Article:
Adam Blatner

Words and Images from the Mind of Adam Blatner

Rich Inner Life

Originally posted on May 28, 2014

I’m tempted to think that everyone has a rich inner life, but my wife says that’s not so. She asked me to think about it, so I did. First, I am reminded that what’s true for me is most definitely not so for others. There are many differences in temperament and other variables. My autobiography may be titled: “Isn’t everybody?” (Subtitle: No, hardly anybody.”) So using this, I checked out my inner life.

For starters, let’s see, there are hundreds of folk dances—maybe over a thousand—plus ballroom and round and square dance calls and steps. So that’s dancing. Yep, I feel rich in knowing these. Some I don’t really know so well that I could lead the line when the song comes on, but then I remember, see the step, and can do it. There are a lot of those.

Singing: There are thousands of songs in there, some fully remembered, others more sing-along, but familiar. There’s having sung sets of songs for 17 years in the Sun City Chorus, folk songs, kids’ songs, camp songs, marching and movie songs, and my song-books full of songs. I make up song books and host song fests. Have shelves full of songs. Doesn’t everyone? Hm. No.

Art: I have thousands of drawings, mandalas, little character elves, other critters, tons of these guys, and the worlds they live in, their pals, and not much back story that’s specific, but yet hinted at. Books of my cartoon art. Lectures I’ve given about these. A few published cartoons in college and medical school.

Social: Many groups: Singing, dancing, professional affiliations, extended family, etc. Some of these networks are fading somewhat. Others less interested in me, I become less interested in holding on. Many I’ve just moved away from, literally—sheer distance. I remember keeping some Christmas card exchanges for several years afterwards. But now I’m just counting their memories as blessings.

Meanwhile, other networks are becoming more alive, vigorous. Others are maintaining. The point here is that I’ve been embedded, belonged, moved away, some of them moved away, it’s an organic process, social life. But they exist, more or less, in my “rich inner life.”

There are libraries and librarians, and many magazines I read, and many books I return to, or sections in book-shelves. There are topics I dabble in and leave.

Alas, not so much remains in my inner life of television shows—a few classics—but most more contemporary figures in the mass media seem sort of “all the same” to me, and uninteresting at that. I feel I’ve passed a “window.” Sports, too. So that sector of inner life makes room for other things. But on thinking of it, lots of people I know hang out a lot psychically in these sectors. 

Meanwhile history gradually builds up networks in my mind as I learn about the fathers of the American Revolution, pioneers of railroads and other forms of travel, old movie singers and dancers, other historical figures, cartoonists, pioneers in psychiatry and medicine, philosophers of religion (some) and many other topics. I’ve been doing this all my life and, in retrospect, these matrices create another facet of a rich inner life.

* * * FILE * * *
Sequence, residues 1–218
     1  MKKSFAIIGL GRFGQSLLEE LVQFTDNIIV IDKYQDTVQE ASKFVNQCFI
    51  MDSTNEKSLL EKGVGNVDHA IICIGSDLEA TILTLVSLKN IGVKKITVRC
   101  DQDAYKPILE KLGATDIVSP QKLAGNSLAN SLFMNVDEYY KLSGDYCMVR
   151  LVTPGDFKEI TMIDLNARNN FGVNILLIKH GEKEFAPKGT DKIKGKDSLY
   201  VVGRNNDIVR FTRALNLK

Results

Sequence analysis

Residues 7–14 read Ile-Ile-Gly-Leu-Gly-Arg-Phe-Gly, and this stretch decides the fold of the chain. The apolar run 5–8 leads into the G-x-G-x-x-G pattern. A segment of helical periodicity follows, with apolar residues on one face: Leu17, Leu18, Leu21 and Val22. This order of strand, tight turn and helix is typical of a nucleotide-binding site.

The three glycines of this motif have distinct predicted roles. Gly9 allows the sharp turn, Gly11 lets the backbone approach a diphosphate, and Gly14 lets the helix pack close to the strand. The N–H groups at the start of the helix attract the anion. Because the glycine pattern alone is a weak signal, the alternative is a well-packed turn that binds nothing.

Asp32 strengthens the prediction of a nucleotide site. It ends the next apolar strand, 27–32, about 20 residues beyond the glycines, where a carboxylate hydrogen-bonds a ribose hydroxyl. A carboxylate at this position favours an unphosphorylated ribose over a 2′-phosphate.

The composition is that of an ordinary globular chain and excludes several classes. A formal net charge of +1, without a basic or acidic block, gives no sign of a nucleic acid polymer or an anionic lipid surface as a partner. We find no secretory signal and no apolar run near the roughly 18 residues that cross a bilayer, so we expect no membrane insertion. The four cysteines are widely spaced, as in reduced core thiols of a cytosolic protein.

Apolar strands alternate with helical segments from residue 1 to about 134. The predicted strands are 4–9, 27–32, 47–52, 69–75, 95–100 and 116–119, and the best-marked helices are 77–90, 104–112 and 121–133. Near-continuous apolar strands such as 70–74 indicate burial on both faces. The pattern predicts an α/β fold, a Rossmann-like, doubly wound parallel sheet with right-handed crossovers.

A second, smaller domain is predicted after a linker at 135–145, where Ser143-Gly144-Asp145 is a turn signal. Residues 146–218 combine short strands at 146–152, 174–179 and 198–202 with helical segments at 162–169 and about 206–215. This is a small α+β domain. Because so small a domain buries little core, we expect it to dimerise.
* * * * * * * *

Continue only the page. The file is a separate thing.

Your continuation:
Spiritually, I’ve been interested in religion and philosophy, read a lot, and construct and re-construct my “belief system,” or ongoing “creative mythmaking.” I draw from many sources, including the philosophical works of Alfred North Whitehead, Charles Hartshorne, Ken Wilber, with flashes or spices from the medieval kabbalists, J.L. Moreno, the romantic poets, and many others.

I include here also the fairly superficial but moving blurbs found in Reader’s Digest and other popular magazines. I used to cut these out as a teen-ager, put them in an album. Pageant and Coronet were small magazines like Readers’ Digest and were rich sources of idealistic poems and sayings and photo-essays.

Yeah, I guess I have a rich inner life. Yet what impresses me is how much I turn away from, stuff that seems irrelevant. From this I’m tempted to think myself excessively narrow, almost avoidant. However, Uncle Bud, the name I give to my imagined guardian angel, reviews this scene and says, “Adam, your plate is full. The part that thinks you should be doing more is crazy.”

I apologize. There’s just so much out there I don’t care about much—if at all—, and other stuff that’s way, way behind me, though I appreciate it a bit, and the angels are saying, “Pal, if you can do anything with what you’re interested in, dayenu—a Hebrew word for “It would be sufficient.”

Finally, there are a great many ideals that I’m hoping to advance, either through my own writing efforts, some participation, encouraging others, and telling others about. These have a more core place in my identity. My roots lie in my primary love relationship and peaceful home with Allee. So it’s all good.

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